Reflecting on UW4FOODWORKERS

I was very nervous going into this project. I would go so far as to say I was dreading it because 1) taking action sounds like a big, time consuming idea, 2) I had little idea what a project on “movements” would entail, and 3) I generally am screwed over by group projects. However, I come out the other side of this project with three thoughts entirely distinct from my original speculation. First, taking action was an interesting and effective way to synthesize material in class. Second, the food worker rights movement does not receive the support it deserves considering the sheer amount of people working in the food sector. Finally, I am thankful I had a group that worked well together but was also able to divide tasks to complete as individuals.
I very much enjoyed the interviewing portion of the project because it allowed me to ask questions related to the course. It brought up a lot of topics related to the contemplations actually, since the majority of those identified who made the food we were eating possible. Though the individuals we interviewed did not have as heartbreaking of a story as the workers on cocoa plantations or struggling to make ends meet collecting raisins, there was overlap and that was surprising to see in a first-hand context.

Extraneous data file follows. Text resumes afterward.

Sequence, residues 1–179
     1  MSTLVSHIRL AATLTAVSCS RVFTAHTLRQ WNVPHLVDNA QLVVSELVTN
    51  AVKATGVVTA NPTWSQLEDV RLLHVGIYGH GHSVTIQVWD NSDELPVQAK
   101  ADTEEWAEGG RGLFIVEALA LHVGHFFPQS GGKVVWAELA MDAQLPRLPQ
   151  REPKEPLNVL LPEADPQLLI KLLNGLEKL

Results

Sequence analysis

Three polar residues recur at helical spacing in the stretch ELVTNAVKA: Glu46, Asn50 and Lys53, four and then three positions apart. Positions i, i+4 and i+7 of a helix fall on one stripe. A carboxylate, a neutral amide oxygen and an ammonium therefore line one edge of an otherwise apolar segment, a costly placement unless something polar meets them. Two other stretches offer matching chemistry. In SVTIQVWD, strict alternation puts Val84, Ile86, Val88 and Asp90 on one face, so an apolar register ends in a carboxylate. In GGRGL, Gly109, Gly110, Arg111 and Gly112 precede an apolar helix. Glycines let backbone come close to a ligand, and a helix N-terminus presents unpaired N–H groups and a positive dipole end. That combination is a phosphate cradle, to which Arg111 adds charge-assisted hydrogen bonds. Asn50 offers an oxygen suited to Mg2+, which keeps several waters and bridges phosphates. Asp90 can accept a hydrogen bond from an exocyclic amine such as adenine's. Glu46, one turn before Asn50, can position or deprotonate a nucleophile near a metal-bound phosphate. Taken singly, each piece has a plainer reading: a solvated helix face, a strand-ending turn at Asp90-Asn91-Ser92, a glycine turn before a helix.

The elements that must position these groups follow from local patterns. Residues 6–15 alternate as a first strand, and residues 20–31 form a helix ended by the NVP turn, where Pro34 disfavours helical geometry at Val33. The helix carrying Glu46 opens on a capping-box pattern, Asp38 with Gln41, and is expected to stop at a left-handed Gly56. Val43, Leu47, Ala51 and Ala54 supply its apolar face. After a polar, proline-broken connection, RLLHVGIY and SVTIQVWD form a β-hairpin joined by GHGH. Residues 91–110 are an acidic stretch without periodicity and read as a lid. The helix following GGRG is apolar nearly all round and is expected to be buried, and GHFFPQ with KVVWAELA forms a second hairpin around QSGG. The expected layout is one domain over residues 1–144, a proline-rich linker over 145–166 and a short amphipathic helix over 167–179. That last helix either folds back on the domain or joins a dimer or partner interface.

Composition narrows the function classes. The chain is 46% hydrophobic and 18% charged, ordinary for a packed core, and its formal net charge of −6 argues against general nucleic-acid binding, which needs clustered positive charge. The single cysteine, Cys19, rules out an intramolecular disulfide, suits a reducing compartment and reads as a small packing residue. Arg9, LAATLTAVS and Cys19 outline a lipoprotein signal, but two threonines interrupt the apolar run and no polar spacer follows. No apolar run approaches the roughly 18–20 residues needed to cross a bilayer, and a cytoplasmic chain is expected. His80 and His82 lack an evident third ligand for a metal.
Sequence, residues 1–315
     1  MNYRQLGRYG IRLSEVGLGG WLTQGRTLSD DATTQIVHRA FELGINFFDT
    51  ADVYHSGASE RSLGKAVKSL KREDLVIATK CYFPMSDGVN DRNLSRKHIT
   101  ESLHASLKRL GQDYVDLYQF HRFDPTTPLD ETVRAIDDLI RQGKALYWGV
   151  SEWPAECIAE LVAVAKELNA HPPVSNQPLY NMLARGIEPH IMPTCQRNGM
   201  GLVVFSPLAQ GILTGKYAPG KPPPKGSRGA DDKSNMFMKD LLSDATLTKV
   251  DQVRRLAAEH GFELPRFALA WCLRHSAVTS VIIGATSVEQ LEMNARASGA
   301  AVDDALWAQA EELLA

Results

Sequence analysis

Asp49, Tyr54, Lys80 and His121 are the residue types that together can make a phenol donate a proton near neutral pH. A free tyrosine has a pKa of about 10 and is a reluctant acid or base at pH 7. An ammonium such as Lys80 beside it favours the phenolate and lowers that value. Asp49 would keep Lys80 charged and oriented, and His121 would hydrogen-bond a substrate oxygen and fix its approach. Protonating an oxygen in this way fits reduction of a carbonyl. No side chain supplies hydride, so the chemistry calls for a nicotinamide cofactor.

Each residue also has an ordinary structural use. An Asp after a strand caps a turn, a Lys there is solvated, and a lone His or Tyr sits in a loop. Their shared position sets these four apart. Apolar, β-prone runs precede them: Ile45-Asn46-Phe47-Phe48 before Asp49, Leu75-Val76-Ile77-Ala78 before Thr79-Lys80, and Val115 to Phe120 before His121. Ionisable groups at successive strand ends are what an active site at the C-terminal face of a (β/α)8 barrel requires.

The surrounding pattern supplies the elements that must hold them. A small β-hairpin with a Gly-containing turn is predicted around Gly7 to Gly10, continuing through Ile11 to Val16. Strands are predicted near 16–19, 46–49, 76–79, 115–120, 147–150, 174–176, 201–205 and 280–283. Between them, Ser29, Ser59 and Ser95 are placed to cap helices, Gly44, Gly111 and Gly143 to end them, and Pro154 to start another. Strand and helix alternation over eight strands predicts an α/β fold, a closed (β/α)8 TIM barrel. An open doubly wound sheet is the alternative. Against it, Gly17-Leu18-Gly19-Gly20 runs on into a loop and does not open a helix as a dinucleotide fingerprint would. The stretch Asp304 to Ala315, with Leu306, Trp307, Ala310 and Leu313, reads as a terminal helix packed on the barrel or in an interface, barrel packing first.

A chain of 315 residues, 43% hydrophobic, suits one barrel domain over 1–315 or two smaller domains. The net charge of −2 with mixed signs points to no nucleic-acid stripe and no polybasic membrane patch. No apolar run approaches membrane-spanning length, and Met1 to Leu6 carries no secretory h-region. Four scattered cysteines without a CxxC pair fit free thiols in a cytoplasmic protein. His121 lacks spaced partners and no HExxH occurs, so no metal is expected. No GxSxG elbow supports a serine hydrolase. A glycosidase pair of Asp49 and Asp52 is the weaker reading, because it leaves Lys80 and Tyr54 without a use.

Meeting Perry and discussing the farmer’s market videos with my partners after doing research on the different labor movements in Seattle clarified to me how few people are mobilized behind this issue. If you aren’t involved or were once involved in that sector for a career, you are usually not participant despite using their services on more than likely a daily basis. There are some cool groups I’d enjoy working with during some free time this summer, starting with the UW Farm and probably it’s partner, the UDistrict Food Bank to show my appreciation for those in our community forgotten by the system and be involved in an attempt to improve it.
Our group collectively determined what the project would focus on and made compromises on how to execute it so everyone’s vision came through at the end. I personally really wanted to focus on looking at the stigmas placed on people in the food system because I notice a lot of assumptions about people who work as wait staff or grocery clerks in our culture; these workers are identified as “just a *insert occupation here*” and looked past when each of these people has a lifestory that is worth recognizing and respecting. Thus, I interviewed people in these types of positions and was able to ask interview questions that correlated with the end goal of displacing the “just a” myths. Meanwhile, other members of my group found treatment by government agencies more salient to them than treatment by consumers so they had the opportunity to focus in on that. In essence, we each were able to mould the experience into something that stood out specifically to us, while remaining on the same page.

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